British Director's Cinema Masterclass

Scott Hammond Twin Towers

There are a lot of movies these days lacking the cutting edge that makes a piece of cinema great. Monumental motion pictures over the last five years are few and hard to come by. I would put  The Lord of the Rings trilogy, Harry Potter and King Kong as my choice of best films of the past half decade.But nothing that I have ever watched has had the impact on me of British director Paul Greengrass's United 93.

I had read reviews prior to watching the movie. They stated how heart-wrenching it is and I would have never believed this if it wasn’t for me actually experiencing the amazingly dramatic screen play.

The movie starts and finishes with shattering emotional power and I am not afraid to say that it made me
spine-chillingly tearful. There are always going to be high hopes for a  film that basically re-enacts, the best it can, the tragic events of  flight 93 on the fateful day of the 9/11 2001 terrorist attack on America. Unlike two others which, like weapons of mass destruction, took down New York's twin towers, the aircraft failed to reach its target because of the brave men and women aboard who fought their captors.

Seeing the mighty World Trade Centre in flames, smoke gushing into the New York sky, brought back every little bit of sickening horror that I felt at the time. it is a violent, searing memory,  that will never leave me.

The movie fantastically depicts  the confusion between the US government and its military that resulted in them failing to stop the huge tragedy. And even though, as a spectator, you know that flight 93 is doomed from the start, in the strangest way the film builds up a sense of hope that makes you eager to keep watching.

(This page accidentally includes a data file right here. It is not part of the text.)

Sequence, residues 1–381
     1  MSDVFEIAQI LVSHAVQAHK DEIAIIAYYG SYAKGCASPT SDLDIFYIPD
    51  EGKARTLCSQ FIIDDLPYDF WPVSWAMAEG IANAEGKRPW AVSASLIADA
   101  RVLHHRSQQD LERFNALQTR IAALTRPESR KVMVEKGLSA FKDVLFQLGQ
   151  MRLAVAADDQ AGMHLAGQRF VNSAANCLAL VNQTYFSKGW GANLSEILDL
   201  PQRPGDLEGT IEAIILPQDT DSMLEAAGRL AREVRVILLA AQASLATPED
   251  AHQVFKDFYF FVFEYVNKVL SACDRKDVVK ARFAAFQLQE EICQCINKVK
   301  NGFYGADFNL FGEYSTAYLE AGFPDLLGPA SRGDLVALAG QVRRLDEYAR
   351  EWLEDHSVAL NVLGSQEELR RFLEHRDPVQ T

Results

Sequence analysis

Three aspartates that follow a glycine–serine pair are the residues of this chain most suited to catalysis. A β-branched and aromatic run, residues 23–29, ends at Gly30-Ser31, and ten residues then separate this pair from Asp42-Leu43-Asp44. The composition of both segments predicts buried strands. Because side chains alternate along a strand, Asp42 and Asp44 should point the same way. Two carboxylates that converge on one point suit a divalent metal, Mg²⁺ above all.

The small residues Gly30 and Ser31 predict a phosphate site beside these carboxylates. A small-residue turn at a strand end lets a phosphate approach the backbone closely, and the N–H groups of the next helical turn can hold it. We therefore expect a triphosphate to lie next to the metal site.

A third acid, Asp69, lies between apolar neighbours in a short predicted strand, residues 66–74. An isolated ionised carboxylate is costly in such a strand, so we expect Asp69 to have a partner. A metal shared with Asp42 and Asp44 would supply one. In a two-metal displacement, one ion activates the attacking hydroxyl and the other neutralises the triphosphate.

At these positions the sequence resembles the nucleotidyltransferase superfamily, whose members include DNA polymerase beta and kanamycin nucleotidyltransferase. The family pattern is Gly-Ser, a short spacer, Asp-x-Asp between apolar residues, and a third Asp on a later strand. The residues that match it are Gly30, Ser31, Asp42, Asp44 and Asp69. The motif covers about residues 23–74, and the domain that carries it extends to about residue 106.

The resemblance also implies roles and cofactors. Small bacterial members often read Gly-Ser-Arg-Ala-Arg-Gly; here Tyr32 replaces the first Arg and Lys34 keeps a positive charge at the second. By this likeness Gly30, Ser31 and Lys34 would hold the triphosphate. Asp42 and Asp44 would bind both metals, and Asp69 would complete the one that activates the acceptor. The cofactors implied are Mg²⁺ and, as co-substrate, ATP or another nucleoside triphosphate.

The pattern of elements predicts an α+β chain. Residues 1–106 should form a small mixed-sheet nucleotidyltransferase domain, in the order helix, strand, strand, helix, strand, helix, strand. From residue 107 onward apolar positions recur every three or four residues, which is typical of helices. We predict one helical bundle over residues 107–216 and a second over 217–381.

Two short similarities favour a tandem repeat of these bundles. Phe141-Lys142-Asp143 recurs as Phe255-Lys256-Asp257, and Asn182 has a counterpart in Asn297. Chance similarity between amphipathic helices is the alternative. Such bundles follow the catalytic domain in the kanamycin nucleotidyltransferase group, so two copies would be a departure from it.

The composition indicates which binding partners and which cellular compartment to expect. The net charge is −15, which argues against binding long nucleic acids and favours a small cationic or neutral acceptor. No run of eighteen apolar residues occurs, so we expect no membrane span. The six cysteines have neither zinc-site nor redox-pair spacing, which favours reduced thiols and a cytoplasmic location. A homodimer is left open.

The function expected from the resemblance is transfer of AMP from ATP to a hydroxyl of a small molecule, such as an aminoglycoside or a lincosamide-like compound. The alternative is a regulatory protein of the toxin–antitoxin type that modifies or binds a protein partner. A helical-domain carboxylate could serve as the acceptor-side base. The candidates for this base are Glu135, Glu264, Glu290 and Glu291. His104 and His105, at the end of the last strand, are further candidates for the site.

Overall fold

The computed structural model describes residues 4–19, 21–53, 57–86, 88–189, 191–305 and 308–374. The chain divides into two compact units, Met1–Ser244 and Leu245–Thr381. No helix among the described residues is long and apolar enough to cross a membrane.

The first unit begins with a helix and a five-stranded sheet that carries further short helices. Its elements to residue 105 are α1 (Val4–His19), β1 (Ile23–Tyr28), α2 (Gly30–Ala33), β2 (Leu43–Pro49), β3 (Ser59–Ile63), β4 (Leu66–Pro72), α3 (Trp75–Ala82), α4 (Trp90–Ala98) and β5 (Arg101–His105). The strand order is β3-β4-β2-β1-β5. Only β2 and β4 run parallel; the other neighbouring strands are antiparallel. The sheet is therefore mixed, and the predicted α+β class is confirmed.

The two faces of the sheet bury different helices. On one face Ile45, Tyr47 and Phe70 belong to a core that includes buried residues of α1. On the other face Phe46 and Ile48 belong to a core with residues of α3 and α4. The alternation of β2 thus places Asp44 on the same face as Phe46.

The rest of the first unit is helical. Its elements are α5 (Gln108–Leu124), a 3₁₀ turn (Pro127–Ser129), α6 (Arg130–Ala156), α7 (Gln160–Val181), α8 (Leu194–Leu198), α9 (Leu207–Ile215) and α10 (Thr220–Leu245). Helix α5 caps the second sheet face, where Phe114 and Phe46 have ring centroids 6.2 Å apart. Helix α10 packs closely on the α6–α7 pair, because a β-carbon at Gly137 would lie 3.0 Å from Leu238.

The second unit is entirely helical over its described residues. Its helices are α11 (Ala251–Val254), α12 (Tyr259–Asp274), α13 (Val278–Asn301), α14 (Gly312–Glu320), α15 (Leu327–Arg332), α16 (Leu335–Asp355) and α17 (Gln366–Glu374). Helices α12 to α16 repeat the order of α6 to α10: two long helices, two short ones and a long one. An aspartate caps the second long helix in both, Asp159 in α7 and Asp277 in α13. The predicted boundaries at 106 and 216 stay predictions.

I saw the motion picture with a friend who has a fond love of aviation and, although there is no need for a knowledge in that particular field, it was still good to have him there telling me that the film-makers had taken as much care to be aeronautically authentic as they had with the rest of this well worked masterpiece of cinematography.

Joe Utichi, of, wrote a spot-on review of the film, which said: 'A fitting tribute to the innocents of that flight, a group of people who did not deserve to find themselves at the centre of a conflict that was not their own, United 93 is a film the whole world should see and, ultimately, could not have come soon enough.'

I do not think that there is much more to add to that. But I will say that this piece of cinema has brought back many bad memories not just for me, but I am sure for the entire cinema-going world. They are memories that needed to be dragged back to the surface of our consciousness and this film, even in the smallest sense, is a way of  us partially healing the wounds that awful day inflicted on humanity.